Round up: Hot, new Plus mountain bikes for 2016

A look at some of the newest Plus size mountain bikes

Interbike Plus

At the recent Interbike trade show, one of the hottest trends we saw for new mountain bikes for 2016 were bikes with Plus size tires. What is Plus size or + size? Basically, it is a tire and rim combination that is wider than an “average” tire but not as huge as a fat bike tire. The typical tire size for Plus bikes is 2.8 or 3.0 inches in width with some going as wide as 3.2 inches. There exist 27.5+ bikes for all around use bikes and 29+ bikes for hardtails. The outer diameter of the 27.5+ bike is almost the same as a 29er bike with 2.3 tires.

Why?

The reason Plus bikes are exploding into the scene is because they offer better traction, comfort and control. With a 3.0 tire and a wide rim inflated to 15 psi, the rider has more traction on sandy and very loose conditions. The tires absorb so much bump energy too at this low pressure that it offers good comfort to complement the bike’s suspension. And finally, through rocky, rooty and other tricky sections, the Plus bike is more stable as its able to take on obstacles and hold its line better.

The downside is a slight loss in climbing performance in very firm trail conditions. And in very tricky and technical descents, the Plus bike is not as accurate and agile navigating down the hill.

Shown here is a collection of all the Plus size mountain bikes we saw. We don’t claim that this is every Plus bike at the show, but it’s most of them. Included in this list are Plus bikes of both the hardtail and full suspension kind. So, without further ado, listed here in alphabetical order by manufacturer are the hot, new Plus mountain bikes for 2016.

Available in three models, the Beast of the East is an alloy framed hardtail equipped with a Lefty fork (for the Beast 1).

Available in three models, the Beast of the East is an alloy framed hardtail equipped with a Lefty fork (for the Beast 1).

Cannondale Beast of the East

Cannondale has brought back their Beast of the East model, this time as a hardtail Plus bike. The frame is Cannondale’s SmartFormed alloy and combines a tight rear end with a 68.5 degree head angle to keep things nimble and fun. Available in 3 models, the top of the line Beast of the East 1 comes with a 120mm Lefty 2.0 Alloy OPI fork with 55mm of offset. The drivetrain is SRAM’s X1 1×11, rims are WTB Scrapers and tires are WTB Bridgers in 27.5×3.0 and are tubeless ready. The Beast 1 also comes with a Trans-X dropper seatpost with 120mm of adjustment.

Beast of the East 1 (shown) – $2770.00
Beast of the East 2 – $2130.00
Beast of the East 3 – $1620.00

To learn more, visit www.cannondale.com.

The Epiphany 27.5+ is a full suspension mountain bike with 120mm of ICT rear travel and a carbon frame.

The Epiphany 27.5+ is a full suspension mountain bike with 120mm of ICT rear travel and a carbon frame (click to enlarge).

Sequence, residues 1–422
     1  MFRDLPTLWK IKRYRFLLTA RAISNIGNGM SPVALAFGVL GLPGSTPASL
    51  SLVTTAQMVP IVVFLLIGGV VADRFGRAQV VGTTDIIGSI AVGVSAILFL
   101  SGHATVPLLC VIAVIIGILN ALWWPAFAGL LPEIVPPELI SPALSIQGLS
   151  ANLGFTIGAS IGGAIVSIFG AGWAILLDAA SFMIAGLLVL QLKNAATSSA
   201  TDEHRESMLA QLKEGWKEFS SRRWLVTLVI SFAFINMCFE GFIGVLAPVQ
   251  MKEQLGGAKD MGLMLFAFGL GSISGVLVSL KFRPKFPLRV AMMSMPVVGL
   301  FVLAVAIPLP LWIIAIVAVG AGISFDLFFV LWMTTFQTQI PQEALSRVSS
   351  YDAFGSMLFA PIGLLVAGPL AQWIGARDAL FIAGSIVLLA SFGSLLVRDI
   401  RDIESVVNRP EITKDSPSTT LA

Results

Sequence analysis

Ellsworth Epiphany 27.5+

Ellsworth is a brand that has been around for what seems like forever. They are experiencing a “rebirth” of sorts with some new company ownership and new resources. Key to the “new” Ellsworth is the Epiphany 27.5+. They have taken a proven full suspension platform and improved it just for the plus size aficionado. The Epiphany 27.5+ is a full suspension mountain bike with 120mm of ICT rear travel and a carbon frame.

The Ellsworth Epiphany comes in 3 sizes (SM, MD, LG) and is available with 6 different build kits that start at $4,595 (Shimano SLX 2x drivetrain) and go all the way up to $7,095 (Shimano XTR 2x drivetrain).

To learn more, check out our article about the rebirth of Ellsworth here: http://reviews.mtbr.com/video-ellsworth-is-reborn and visit www.ellsworthbikes.com.

The Foes Racing Alpine Plus is an all new model that is the smaller brother of the Foes Mutz fat bike.

The Foes Racing Alpine Plus is an all new model that is the smaller brother of the Foes Mutz fat bike (click to enlarge).

Foes Alpine

Brent Foes is a small builder in Pasadena, CA and that’s okay. Being small gives Foes the ability to react quickly to consumer requests and he can build a working prototype in-house within a short amount of time. That helps him makes models like the all new Alpine plus bike. Perhaps the Alpine can be called the little brother of the Foes Mutz fat bike, the Alpine uses a very similar design and construction. Like the Mutz, the Alpine has 5″ to 5.5″ of rear travel.

The Alpine has a head angle of 68 degrees and a seat tube angle of 71 degrees. The bottom bracket height is 13.25″ and the chainstay length is 17.9″. Effective top tube length for the three sizes (SM, MD, LG) is 22.7″, 23.7″ and 24.6″. The seat post diameter is 31.6″ and the head tube diameter is ZS44 top and EC49 at the bottom. Head tube length is 4.1″. Bottom bracket width is 68/73mm and the front derailleur is the direct mount type. Axle spacing is Boost 148×12 in the rear.

Looking at the parts spec, it has WTB Scraper rims, WTB Bridger 3.0″ tires, ODI grips, Hadley hubs,